As health and human services secretary, Price would ultimately be in charge of administering programs like Medicare, Medicaid, and the Affordable Care Act—and presumably serve as Trump’s point man on health policy. Given that the president-elect is by all accounts a deeply impressionable man with little to no policy expertise, Price is almost certainly set to play an extremely influential role in any negotiations over health-care legislation. [Slate, 11/29/16; Media Matters, 11/28/16]
Vox’s Sarah Kliff: Price’s Bill Will “Benefit The Young, Healthy, And Rich,” Disadvantage “The Sick, Old, And Poor.” Vox’s health care reporter Sarah Kliff extensively outlined the impact of Price’s proposed legislation, the Empowering Patients First Act, noting that it replaces the ACA “with a plan that does more to benefit the young, healthy, and rich — and disadvantages the sick, old, and poor.” Price’s plan “would allow insurers to cut whatever benefits they no longer want to cover” which would “likely benefit healthy people,” but would “send the cost of more comprehensive plans — the plans sicker people need — skyrocketing.” From the November 28 article:
Empowering Patients makes the individual market more advantageous for healthier people. It eliminates the essential health benefits package, which mandated that all insurers cover a set of 10 different types of care including maternity services and pediatric care. Empowering Patients would allow insurers to cut whatever benefits they no longer want to cover — they could stop covering maternity benefits, for example, to make their plans less attractive to women who plan to become pregnant. This would likely benefit healthy people, who generally want less robust coverage at a cheaper price. But it’ll send the cost of more comprehensive plans — the plans sicker people need — skyrocketing. And it could leave someone who, say, wants health insurance to cover her maternity costs completely out of luck.
There are other ways Empowering Patients makes insurance better for young people too: by letting insurance plans charge them lower rates.
It does this by allowing insurers to charge their oldest enrollees as much as they want. Right now, insurers can only charge the oldest enrollees three times as much as the youngest — that constrains prices for patients in their 50s and 60s.
Eliminating this regulation would increase “increases the overall number of people with coverage, but older people end up falling out of the market as premiums rise,” says Christine Eibner, an economist with RAND Corporation who has modeled similar changes to Obamacare’s age-rating provisions.
And while young people might have cheaper premiums and an easier ability to enroll, older Americans could struggle to purchase coverage in this market, where their costs would rise. These are people who tend to have more urgent health care needs and could be in a worse position without health care than a young adult might be. [Vox, 11/28/16]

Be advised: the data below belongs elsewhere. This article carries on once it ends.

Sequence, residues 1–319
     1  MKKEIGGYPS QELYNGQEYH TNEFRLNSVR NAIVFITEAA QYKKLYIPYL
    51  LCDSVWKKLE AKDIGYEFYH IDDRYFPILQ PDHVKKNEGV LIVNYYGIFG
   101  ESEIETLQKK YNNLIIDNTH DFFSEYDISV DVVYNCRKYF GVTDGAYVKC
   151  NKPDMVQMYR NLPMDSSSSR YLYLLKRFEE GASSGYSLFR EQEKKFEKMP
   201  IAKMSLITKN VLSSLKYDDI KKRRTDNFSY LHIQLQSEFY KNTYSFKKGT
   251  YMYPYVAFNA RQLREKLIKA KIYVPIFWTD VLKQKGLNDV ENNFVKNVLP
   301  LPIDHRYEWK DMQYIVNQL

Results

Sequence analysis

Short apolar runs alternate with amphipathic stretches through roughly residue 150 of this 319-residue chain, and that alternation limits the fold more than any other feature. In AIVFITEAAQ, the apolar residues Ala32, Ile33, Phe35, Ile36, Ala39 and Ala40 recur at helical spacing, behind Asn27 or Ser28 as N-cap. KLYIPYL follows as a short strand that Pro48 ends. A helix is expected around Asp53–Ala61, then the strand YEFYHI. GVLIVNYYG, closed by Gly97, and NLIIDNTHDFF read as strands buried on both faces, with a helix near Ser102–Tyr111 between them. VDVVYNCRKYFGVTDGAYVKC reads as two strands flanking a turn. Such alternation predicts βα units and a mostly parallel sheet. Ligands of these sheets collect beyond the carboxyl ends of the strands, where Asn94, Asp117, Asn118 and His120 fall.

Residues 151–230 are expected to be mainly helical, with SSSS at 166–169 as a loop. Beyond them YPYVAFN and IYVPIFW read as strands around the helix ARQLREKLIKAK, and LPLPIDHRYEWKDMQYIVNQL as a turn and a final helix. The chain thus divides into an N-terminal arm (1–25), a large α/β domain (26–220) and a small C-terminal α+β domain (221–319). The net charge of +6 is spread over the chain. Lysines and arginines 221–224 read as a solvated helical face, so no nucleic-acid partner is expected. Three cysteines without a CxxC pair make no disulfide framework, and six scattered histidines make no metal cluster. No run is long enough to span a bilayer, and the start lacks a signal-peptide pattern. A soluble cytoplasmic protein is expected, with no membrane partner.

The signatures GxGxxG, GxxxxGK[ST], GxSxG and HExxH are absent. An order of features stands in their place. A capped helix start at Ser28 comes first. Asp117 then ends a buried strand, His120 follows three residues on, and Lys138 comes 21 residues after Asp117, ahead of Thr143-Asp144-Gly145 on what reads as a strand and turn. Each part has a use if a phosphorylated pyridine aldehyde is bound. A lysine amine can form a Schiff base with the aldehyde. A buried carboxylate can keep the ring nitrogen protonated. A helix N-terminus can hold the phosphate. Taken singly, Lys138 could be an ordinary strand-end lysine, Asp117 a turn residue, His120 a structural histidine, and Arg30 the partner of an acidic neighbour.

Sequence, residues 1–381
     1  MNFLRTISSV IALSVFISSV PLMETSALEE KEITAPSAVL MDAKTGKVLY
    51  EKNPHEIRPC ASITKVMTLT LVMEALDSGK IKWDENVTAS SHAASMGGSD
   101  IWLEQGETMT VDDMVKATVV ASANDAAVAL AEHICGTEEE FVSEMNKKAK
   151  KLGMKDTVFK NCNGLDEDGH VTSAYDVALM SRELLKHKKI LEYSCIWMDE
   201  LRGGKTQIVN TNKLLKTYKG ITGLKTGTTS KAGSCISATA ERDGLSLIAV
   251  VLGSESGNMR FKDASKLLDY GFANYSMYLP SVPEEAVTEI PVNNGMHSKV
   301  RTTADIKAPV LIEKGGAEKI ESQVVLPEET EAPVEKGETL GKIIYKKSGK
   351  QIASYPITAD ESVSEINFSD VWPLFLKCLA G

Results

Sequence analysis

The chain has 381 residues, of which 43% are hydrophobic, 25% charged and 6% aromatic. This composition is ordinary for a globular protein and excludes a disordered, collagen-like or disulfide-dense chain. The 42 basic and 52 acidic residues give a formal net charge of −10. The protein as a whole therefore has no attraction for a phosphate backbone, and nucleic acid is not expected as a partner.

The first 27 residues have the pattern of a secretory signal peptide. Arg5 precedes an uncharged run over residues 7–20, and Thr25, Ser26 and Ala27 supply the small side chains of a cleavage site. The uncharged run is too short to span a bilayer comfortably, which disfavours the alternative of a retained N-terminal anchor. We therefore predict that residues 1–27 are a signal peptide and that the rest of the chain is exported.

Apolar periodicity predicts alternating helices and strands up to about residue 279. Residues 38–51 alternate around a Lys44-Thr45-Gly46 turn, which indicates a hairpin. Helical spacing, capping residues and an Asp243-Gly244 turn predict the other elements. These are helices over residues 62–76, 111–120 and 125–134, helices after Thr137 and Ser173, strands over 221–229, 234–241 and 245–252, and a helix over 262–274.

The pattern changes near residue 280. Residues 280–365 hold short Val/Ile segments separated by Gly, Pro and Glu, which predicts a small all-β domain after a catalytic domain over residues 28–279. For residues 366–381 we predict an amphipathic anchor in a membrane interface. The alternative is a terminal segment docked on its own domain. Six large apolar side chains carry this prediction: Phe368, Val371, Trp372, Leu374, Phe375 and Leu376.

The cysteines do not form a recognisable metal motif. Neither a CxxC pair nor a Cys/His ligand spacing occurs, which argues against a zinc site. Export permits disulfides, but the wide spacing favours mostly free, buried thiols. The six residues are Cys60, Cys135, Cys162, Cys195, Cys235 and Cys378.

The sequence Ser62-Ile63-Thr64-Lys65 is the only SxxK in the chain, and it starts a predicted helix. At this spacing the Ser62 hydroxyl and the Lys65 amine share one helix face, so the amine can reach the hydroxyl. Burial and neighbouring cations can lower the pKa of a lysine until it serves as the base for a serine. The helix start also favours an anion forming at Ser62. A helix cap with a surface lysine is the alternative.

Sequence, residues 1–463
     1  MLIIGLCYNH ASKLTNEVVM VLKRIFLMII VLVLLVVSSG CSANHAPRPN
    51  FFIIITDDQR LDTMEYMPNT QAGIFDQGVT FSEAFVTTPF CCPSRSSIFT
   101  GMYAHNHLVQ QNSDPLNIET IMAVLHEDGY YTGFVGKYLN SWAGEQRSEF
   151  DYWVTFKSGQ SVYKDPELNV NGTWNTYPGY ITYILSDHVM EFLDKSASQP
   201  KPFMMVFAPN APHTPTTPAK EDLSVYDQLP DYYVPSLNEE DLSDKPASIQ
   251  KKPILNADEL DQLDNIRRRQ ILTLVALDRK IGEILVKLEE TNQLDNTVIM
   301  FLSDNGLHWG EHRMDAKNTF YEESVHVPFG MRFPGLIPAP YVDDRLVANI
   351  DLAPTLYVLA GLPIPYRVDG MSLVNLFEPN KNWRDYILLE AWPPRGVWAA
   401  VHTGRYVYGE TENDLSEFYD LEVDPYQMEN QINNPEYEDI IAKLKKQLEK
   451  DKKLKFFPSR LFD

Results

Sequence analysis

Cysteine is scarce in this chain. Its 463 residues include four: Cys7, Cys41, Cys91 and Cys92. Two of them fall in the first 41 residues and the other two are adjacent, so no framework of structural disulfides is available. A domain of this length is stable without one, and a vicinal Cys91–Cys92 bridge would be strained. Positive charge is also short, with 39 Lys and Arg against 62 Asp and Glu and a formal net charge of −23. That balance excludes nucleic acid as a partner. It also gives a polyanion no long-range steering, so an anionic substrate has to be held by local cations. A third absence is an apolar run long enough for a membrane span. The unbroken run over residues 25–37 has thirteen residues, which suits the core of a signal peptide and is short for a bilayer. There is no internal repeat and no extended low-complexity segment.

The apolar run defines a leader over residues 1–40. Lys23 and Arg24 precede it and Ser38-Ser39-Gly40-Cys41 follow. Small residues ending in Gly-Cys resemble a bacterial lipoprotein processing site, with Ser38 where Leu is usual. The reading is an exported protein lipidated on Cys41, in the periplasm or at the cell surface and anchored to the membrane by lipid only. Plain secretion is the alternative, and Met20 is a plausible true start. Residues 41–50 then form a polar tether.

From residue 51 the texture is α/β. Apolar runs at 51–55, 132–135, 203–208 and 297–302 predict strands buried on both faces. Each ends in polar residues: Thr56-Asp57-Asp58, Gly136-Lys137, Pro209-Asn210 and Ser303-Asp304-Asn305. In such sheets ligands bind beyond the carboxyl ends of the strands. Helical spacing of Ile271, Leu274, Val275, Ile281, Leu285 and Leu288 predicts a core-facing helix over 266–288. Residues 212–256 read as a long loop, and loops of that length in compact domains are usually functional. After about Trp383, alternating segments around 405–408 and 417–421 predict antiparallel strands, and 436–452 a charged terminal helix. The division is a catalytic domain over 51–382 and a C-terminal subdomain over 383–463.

Vox’s Sarah Kliff: “Price’s Plan Provides Significantly Less Help To Those With Pre-Existing Conditions.” Kliff also explained how the Empowering Patients plan “provides significantly less help to those with pre-existing conditions than other Republican proposals.” Price’s “continuous coverage” requirement still “requires insurance plans to offer coverage to any patient regardless of how sick they are” but it “would let insurers charge sick people more if they did not maintain ‘continuous coverage.’” Kliff added that Price’s plan has “a much weaker safety net” than other options. From the November 28 article:
Price’s plan provides significantly less help to those with pre-existing conditions than other Republican proposals, particularly the replacement plan offered by House Speaker Paul Ryan (R-WI).
Prices’ Empowering Patients plan, like Obamacare, requires insurance plans to offer coverage to any patient regardless of how sick they are. But the Empowering Patients plan, unlike Obamacare, would let insurers charge sick people more if they did not maintain “continuous coverage.”
Empowering Patients does have a safety net for people like this: It would invest $3 billion over three years in a high-risk pool to cover those with preexisting conditions who are unable to afford coverage on the marketplace. This is significantly less generous than other Republican proposals for high risk pools. Ryan’s Better Way plan, for example, would put $25 billion towards the high-risk pools over a decade ($2.5 billion per year) and keep them running indefinitely. In that way, Price’s bill has a much weaker safety net than his House colleagues envision. [Vox, 11/28/16]
Huff. Post’s Jonathan Cohn: Price’s Plan Would “Rescind Entirely” ACA’s Medicaid Expansion “For The Poorest Americans.” According to Huffington Post national correspondent Jonathan Cohn, Price’s proposed health care overhaul would “rescind entirely [the Affordable Care Act’s] expansion of Medicaid for the poorest Americans.” When combined with the removal of coverage guarantees for people with pre-existing conditions and the removal of quality control regulations for insurance plans, Price’s agenda would mean “fewer people are covered” and “people with the worst medical conditions” would be more economically insecure. From the November 29 article.:
The “Empowering Patients First Act,” as it is known, would gut Obamacare’s regulation of insurance plans, reduce the total financial assistance going to people buying private coverage and rescind entirely the law’s expansion of Medicaid for the poorest Americans.
Insurers could resume some of the practices that Obamacare now prohibits ― like selling bare-bones plans and, in some cases, denying coverage to people with pre-existing conditions. Price’s proposal would offer people tax credits, but there’d be no guarantee the credits could actually pay for comprehensive coverage.
The result, according to one analysis, would be less government spending and regulation ― as well as lower taxes on the rich. Many younger and healthier people would get access to cheaper insurance, particularly if they were comfortable with plans that had minimal coverage or gaps in benefits.